+A.V. Flox Oh you're number one on my go to list for all things sensual. I'm always in the mood to do research lol, curiosity is a blessing and a curse, but lice can wait for a bit. 
There was a time when News agencies had to be able to back up their facts...

Or am I looking at the past through rose tinted glasses again?
+Ayoub Khote I just read that EOnline referred to Accra (capital of Ghana) as an "impoverished village". A little like the tyke who referred to Africa as a country. So yes you are :)
+Dede Craig King, you just let me know when you're in the mood and I'll give you something to look into. Or maybe you'd like to write something for me sometime? 
+Dede Craig King and +Ayoub Khote, I have seen news agencies point to completely wrong countries on world maps during discussions of a crisis. Mistakes happen. This is more than a mistake, it feels like a trend, a laxness that is settling into the bones of the craft. 
+A.V. Flox I'd love to, just let me know :) 

On your second comment, I sometimes think laxness is an understatement given the sheer ease of fact checking available to journalists today. I can admit to looking up the names of foreign cities to check whether it is in fact a city, a suburb or a whole freaking country, how difficult can it be?
+Dede Craig King, it's not that fact-checking is hard to do, it's that newsrooms are shrinking and the people who handle this part of the process are being let go or tasked with other things as staff is reduced, making it difficult to focus on the facts before them. The industry is changing and the experiment with online advertising is not going very well. It's a mess and a lot of unfortunate habits are forming as a result, among them "post now, edit later."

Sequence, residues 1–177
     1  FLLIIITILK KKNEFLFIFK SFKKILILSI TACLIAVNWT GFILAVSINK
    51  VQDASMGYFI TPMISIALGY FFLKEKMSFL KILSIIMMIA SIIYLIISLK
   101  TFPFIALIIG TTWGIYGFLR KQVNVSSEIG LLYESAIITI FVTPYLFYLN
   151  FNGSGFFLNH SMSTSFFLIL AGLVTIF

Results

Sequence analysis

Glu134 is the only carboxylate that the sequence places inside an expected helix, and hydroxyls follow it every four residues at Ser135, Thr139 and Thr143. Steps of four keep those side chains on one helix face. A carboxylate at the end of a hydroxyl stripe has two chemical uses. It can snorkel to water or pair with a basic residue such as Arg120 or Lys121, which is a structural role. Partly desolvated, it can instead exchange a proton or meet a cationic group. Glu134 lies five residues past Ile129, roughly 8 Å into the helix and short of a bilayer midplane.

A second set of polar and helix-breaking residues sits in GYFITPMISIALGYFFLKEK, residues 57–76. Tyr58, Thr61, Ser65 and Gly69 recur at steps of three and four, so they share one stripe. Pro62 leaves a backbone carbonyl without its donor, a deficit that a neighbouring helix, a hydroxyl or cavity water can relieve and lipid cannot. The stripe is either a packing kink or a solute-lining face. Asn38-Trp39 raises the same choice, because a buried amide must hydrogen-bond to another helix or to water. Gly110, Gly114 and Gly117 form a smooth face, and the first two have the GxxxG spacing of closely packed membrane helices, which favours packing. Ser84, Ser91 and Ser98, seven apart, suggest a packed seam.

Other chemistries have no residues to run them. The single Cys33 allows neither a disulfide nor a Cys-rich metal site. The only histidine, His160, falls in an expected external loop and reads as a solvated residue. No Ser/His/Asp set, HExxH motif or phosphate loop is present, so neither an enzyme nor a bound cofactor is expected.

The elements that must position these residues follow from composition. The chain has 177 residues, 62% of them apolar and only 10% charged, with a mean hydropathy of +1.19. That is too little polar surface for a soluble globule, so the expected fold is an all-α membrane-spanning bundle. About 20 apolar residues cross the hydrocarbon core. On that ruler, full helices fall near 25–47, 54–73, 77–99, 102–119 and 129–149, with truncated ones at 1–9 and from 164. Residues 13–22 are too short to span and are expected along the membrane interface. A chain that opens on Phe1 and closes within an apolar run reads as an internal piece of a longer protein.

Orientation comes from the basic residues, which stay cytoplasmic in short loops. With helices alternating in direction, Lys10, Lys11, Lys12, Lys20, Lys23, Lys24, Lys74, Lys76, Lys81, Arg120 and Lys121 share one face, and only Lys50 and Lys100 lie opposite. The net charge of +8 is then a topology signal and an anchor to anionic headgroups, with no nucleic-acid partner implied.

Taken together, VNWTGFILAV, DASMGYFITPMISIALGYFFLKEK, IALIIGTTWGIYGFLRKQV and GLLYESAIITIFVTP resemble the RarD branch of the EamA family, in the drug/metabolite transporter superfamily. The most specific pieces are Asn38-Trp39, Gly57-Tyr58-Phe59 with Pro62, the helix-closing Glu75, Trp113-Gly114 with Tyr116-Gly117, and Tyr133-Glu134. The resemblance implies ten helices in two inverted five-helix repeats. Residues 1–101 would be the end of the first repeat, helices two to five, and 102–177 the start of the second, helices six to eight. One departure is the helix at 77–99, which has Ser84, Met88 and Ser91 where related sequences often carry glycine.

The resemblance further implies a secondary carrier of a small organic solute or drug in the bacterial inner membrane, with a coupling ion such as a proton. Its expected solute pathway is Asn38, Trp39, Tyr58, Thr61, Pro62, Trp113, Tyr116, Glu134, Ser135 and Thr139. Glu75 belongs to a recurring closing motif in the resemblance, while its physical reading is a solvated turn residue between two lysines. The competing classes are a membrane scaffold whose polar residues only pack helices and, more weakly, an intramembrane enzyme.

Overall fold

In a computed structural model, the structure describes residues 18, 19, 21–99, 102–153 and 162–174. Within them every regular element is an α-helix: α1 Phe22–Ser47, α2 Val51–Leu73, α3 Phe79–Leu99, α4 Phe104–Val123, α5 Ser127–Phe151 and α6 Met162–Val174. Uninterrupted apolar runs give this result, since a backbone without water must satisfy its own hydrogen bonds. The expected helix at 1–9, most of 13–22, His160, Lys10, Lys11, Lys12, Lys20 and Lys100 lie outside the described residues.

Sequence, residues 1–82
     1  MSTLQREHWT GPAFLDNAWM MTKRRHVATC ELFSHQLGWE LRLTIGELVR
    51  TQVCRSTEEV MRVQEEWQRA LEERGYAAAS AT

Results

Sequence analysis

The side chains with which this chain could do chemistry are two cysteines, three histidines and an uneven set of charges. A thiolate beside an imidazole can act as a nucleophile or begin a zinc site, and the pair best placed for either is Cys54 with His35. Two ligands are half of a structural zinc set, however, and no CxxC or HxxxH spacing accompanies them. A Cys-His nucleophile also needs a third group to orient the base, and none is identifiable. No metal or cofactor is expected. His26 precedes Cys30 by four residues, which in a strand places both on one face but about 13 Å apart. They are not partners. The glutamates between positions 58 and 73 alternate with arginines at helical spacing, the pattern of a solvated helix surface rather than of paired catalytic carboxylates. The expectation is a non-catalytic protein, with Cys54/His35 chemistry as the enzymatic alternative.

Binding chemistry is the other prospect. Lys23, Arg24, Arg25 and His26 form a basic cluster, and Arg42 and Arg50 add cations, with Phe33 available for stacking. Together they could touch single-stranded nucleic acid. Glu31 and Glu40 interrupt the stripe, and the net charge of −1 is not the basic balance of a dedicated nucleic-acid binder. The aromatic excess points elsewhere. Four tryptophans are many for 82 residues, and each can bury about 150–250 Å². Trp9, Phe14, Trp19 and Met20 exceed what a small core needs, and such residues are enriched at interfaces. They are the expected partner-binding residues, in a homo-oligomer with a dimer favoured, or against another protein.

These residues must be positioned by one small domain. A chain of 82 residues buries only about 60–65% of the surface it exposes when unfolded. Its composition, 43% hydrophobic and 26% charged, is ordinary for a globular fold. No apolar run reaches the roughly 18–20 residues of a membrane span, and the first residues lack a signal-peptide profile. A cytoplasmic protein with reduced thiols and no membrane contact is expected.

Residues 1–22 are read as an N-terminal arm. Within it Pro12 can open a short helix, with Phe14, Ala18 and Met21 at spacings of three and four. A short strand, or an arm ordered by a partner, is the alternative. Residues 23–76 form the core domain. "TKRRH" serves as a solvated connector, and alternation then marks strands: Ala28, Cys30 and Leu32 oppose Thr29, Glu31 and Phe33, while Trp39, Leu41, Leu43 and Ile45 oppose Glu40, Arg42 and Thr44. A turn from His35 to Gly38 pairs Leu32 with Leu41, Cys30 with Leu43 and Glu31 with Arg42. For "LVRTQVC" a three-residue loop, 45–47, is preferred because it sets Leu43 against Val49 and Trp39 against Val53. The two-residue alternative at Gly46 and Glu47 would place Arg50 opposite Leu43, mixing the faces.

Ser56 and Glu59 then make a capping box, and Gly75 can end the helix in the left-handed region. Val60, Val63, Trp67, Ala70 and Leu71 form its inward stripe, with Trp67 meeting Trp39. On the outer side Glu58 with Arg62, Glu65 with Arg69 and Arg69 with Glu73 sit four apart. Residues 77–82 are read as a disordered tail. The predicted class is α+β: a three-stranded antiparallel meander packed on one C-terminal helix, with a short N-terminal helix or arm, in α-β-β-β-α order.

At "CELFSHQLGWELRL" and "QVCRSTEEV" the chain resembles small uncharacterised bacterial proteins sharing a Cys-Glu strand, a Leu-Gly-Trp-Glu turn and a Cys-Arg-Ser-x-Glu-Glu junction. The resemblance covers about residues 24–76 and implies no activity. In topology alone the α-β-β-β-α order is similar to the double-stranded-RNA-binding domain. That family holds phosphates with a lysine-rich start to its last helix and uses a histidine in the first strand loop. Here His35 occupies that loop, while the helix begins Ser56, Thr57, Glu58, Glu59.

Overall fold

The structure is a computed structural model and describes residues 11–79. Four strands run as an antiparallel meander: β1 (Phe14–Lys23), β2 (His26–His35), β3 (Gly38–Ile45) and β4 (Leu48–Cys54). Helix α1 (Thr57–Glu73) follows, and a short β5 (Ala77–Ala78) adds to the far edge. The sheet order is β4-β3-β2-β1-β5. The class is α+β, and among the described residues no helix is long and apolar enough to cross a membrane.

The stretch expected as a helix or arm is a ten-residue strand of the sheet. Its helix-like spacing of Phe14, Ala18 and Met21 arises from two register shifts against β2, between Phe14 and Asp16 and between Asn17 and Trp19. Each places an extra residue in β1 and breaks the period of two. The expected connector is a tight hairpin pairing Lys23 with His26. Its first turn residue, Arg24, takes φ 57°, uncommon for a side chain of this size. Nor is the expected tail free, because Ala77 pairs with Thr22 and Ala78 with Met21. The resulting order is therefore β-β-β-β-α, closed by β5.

+A.V. Flox I think I'm with +Ayoub Khote on the rose tinted glasses where I used to believe that each journalist fact checks and re-checks his article prior to posting. I wasn't even aware that there are people employed to do just that. Do editors still check articles prior to going live? You've opened my eyes. 
+Dede Craig King, journalists haven't traditionally wrapped a piece to turn around and post it, though -- that's the thing. There is an editorial chain that unfolds between the writing and the publishing that has been lost in transition, and that's part of the problem.
+A.V. Flox You must have your work cut for you, or is it different in online media as opposed to traditional media?
+Dede Craig King, online media is a whole different animal. At +BlogHer, there is definitely an editorial process. When I was editor, I would look over submissions and let writers know how to build stronger, better-supported ideas, what sources to cite and which to avoid. I worked hard to make sure the Health section especially was free of churnalism. It's hard when it's just a writer and an editor, but any questions were easily referred to senior editor +Julie Ross Godar and if necessary, editor-in-chief +Stacy Morrison.

I have worked at other media properties where writers had no editors to work with, though, and they were tasked with coming up with ideas, writing pieces, making sure they were accurate and marketing them so they met page view expectations. It's a mess and not a surprise that misinformation abounds. Writers should not have that much work, not without a corresponding salary increase that enables them to focus all their time on the process. It's a shame and part of the reason we're seeing so many problems, in my opinion. 
+A.V. Flox Wow. Your opinion is very much a valid one. It sounds like some journalists are grossly undervalued, not a particularly healthy outlook for young aspiring writers. A friend of mine studied journalism, became a journalist then resigned and ended up in corporate communications. Her main reason was because of remuneration which she felt (rightly so) wasn't commensurate with the travel, hours and effort she was putting it. It's a pity as she really loved it. Corporate is killing her soul.